Growing vegetables from seed allows you to get started vegetable gardening at about the time when the winter blues are setting in and your green thumb is itching. Starting your garden from seed will give you the ability to grow more vegetable varieties and save you some money as well. Plus it is exciting when those seedlings start to sprout.
Some of my favorite seed companies are Bakers Creek Heirloom Seeds and Johnny's Selected Seeds offer a wide variety of choices. Just looking at their catalogs will get you excited about growing vegetables from seed. Make sure to sign up to get your free catalogs from them. Seed catalogs get sent out during the winter months. This is the perfect time to start planning your spring garden. Once you've made your plan you can order your seeds and then get a few things prepared while you wait for you seeds to show up in your mailbox.
Successfully growing vegetables from seed requires a few basic supplies. The first thing you will need will be some type of container for your seedlings. Some options for containers are egg cartons, toilet paper rolls, or yogurt cups. You can also opt to use ready made seed starting trays from your local nursery or garden center.
You will also need some seed starting soil in order to begin growing vegetables from seed. You can buy bags of premixed seed starting soil or mix up your own. I have two different recipes for seed starting mixes that work well.
Seed Starting Soil Recipe #1
1/2 part vermiculite
1/2 part coco peat
(this mixture will need supplemental feedings as your seedlings grown)
Seed Starting Soil Recipe #2
1/3 part coco peat
1/3 part finely sifted compost
1/3 part vermiculite
(this mixture will give your seeds nutrients as they grow)
Finally, you will need lighting. You can go with a grow light or T5 florescent lights. LED lights should be 8 - 12 inches from your seedlings and T5 florescent lights should be 5 - 6 inches above the seedlings. You can set up shelving with lights that are adjustable but this is not absolutely necessary. My first light set up was in an unused cabinet and I put puzzle boxes under my seedlings to get them closer to the lights. Currently my seedlings are grown on the bar in my kitchen. I have my grow lights set up over them. I aspire to a seed starting shelving unit in my garage but like I said, it isn't a necessity and my current set up works fine for me at the moment.
With your seed packets in hand, you are ready to start planning your schedule for starting and transplanting your seedlings. Planning will make growing vegetables from seed a smooth process.
The first order of business is to sort your seeds. You will want to make a pile for seeds that you can start indoors and seeds that need to be direct sown into the garden. This information should be on the back of each seed packet. Each of these piles will be sorted again according to the amount of weeks before and after the last frost date in which they can be started. Mine end up sorted in to 8, 6 and 4 weeks before the last frost date, at the time of the last frost date and 2 weeks after the last frost date. You can look up your last frost date here.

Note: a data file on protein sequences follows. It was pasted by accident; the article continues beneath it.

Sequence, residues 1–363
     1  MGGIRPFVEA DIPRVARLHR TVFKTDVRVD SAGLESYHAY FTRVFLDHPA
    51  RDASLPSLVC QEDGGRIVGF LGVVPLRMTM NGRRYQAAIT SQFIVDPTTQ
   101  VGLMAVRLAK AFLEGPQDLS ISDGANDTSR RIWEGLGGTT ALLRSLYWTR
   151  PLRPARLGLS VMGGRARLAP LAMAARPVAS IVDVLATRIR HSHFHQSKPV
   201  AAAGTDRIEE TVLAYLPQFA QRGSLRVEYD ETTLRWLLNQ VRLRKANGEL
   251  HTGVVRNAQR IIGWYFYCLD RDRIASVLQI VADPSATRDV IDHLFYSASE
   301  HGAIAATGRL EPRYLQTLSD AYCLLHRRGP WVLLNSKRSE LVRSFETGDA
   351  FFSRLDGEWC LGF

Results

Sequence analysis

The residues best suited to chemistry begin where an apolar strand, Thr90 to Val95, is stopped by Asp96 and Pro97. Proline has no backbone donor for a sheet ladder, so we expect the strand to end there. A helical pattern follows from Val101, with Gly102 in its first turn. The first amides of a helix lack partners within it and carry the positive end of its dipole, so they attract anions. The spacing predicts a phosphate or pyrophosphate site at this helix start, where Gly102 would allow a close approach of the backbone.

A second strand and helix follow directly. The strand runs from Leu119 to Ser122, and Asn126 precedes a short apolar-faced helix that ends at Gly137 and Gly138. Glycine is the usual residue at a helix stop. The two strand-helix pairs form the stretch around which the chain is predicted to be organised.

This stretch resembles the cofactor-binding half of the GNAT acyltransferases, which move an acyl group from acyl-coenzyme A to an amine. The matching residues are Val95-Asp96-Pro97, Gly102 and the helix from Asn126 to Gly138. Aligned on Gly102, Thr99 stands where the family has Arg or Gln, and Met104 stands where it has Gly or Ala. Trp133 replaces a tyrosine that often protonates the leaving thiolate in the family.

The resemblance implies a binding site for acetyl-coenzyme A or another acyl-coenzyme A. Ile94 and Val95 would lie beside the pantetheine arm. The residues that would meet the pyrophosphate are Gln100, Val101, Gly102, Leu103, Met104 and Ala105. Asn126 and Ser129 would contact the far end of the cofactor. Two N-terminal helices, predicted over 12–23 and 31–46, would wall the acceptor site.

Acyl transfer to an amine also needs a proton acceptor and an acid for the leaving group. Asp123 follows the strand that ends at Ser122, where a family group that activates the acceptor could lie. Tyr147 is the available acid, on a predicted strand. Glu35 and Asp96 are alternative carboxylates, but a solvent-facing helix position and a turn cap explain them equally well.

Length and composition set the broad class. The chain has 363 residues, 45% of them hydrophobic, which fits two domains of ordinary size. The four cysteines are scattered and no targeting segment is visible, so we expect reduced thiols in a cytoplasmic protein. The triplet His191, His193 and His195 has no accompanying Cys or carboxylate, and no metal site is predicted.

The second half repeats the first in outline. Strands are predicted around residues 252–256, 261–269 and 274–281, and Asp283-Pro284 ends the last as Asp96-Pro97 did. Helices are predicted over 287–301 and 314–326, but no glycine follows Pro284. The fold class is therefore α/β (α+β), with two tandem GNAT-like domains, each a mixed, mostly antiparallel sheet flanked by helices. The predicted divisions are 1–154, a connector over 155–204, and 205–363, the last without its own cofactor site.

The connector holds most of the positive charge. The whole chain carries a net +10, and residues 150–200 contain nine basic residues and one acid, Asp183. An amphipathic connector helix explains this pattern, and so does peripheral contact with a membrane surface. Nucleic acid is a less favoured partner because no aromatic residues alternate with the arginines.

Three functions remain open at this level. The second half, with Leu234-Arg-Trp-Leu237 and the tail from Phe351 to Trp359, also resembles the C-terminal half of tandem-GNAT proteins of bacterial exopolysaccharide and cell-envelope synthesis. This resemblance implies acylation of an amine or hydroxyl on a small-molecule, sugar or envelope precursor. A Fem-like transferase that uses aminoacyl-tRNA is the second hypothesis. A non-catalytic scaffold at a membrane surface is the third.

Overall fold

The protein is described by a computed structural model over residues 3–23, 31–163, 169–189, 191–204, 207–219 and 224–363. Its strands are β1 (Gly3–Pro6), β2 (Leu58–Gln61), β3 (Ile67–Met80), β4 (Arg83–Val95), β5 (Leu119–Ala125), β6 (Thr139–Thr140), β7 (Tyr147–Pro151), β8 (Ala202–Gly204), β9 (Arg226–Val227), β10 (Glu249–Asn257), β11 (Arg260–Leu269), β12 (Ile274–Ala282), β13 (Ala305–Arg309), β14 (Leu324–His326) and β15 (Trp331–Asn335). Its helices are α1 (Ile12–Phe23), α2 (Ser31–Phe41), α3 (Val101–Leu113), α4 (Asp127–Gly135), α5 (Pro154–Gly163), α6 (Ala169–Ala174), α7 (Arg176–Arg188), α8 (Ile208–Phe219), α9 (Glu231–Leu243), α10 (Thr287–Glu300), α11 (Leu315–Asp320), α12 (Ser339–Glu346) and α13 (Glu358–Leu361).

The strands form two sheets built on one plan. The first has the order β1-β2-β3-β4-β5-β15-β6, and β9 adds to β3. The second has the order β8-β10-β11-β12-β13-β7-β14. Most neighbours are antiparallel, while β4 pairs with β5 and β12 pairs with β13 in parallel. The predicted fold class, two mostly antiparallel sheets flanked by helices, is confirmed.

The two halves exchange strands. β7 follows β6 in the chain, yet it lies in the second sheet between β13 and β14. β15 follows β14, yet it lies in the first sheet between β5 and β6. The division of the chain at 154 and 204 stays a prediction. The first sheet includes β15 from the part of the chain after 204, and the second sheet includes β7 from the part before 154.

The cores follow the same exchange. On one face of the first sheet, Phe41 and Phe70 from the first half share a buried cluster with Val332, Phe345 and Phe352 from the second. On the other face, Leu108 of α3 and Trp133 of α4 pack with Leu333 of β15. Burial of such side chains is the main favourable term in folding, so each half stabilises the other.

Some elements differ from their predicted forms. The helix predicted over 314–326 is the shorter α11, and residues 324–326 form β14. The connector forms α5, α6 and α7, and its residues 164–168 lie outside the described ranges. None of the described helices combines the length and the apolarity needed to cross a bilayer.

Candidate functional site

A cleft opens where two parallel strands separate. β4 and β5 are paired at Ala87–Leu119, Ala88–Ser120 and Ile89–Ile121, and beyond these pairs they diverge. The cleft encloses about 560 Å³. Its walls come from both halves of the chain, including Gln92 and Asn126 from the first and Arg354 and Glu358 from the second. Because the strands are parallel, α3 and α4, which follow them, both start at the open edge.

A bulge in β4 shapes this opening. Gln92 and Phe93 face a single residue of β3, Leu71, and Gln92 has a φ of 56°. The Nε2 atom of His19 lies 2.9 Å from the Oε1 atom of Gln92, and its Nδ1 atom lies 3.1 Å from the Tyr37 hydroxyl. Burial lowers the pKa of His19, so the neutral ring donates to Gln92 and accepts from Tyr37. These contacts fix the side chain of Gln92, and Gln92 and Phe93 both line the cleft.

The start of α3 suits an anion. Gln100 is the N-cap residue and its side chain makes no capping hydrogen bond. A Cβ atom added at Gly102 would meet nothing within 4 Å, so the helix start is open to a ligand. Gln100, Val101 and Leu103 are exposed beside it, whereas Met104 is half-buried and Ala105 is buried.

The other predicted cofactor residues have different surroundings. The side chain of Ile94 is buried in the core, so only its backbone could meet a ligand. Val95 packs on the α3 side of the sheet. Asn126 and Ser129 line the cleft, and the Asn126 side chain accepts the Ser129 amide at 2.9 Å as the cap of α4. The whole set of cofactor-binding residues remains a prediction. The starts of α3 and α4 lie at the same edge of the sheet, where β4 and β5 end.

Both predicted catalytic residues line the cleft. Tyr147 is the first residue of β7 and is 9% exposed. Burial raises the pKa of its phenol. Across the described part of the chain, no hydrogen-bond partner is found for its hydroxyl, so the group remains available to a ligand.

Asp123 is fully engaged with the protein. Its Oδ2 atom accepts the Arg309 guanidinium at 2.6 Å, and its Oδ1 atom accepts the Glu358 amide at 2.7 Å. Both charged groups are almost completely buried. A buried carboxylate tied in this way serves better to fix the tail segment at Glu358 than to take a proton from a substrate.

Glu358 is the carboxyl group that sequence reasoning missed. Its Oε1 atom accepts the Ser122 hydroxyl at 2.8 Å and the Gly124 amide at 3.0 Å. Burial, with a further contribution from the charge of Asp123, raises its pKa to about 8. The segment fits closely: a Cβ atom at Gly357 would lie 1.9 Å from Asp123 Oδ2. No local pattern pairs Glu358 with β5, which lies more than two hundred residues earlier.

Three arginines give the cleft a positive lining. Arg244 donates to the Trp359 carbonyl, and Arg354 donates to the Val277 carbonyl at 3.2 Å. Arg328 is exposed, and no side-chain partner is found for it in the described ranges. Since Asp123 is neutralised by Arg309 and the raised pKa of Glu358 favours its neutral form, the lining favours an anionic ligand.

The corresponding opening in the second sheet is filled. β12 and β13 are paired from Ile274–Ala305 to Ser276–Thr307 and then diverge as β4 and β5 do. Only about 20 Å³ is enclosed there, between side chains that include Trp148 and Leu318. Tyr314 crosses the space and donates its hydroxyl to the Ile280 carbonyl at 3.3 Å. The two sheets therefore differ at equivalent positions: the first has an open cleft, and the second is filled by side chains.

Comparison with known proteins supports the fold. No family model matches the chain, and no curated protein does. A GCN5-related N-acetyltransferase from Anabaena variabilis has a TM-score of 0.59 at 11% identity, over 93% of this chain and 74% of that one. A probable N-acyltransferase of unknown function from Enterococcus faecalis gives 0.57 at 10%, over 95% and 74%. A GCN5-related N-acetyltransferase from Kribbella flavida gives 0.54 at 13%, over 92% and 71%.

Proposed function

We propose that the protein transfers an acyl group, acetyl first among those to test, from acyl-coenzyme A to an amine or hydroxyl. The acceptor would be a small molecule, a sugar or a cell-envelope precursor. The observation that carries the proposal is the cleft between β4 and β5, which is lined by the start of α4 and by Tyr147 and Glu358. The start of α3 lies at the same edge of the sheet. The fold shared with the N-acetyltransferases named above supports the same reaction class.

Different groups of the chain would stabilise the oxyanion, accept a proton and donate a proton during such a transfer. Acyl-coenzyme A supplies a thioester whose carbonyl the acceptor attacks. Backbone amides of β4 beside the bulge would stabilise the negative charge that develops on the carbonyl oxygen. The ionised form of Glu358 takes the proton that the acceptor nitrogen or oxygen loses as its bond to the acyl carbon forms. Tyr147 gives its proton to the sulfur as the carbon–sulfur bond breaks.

I always start my seeds on a paper towel. I fold and place the paper towel in to the bottom of a clear plastic container. Spritz the paper towel to get it damp and then add seeds. I put the lid on and label the container with a dry erase marker. These containers go on top of my refrigerator and I check them every few days for sprouting.
Once the seeds sprout, I transfer them into my cells which are already prepared with moistened seed starting mix. I then adjust the lighting so that it is at the right distance from my seedlings. The lighting is set on a timer to run for 16 hours each day. Set a fan on low to blow on the seedlings. This will help seedlings to grow strong stems and reduce the chances of your seedlings getting fungal disease.
When the seedlings have their first true leaves, you can begin to fertilize them. You can use water soluble fertilizer at half strength. Fish Emulsion is also a good choice for fertilizing seedlings.
As you plants get a little bigger, they will be ready to move to larger pots, or pot up. A three to four inch pot or a plastic cup will work for this. You can either use a mixture of compost and potting soil or a mixture of vermicompost (worm castings) and garden soil for these plants. When you put the seedlings in the new pots plant them up to the seed leaves (the first set of leaves) to encourage healthy plants with a strong root system.
Beginning about two weeks before time for the plants to go into the garden, start letting them spend time outside each day. Make sure to sit them in an area protected from full sun and increase the amount of time they stay outside every few days. Toward the end of the two weeks, you should be able to leave them out overnight. At this point they will be ready to plant into the garden.
Congratulations! You are successfully growing vegetables from seed. You've raised your own transplants and gotten your vegetable garden off to a great start.
If some of your seedlings didn't make it this far, don't worry. It happens to us all. At this point, you can either supplement with some options from your local garden center or make do with the seedlings you have on hand.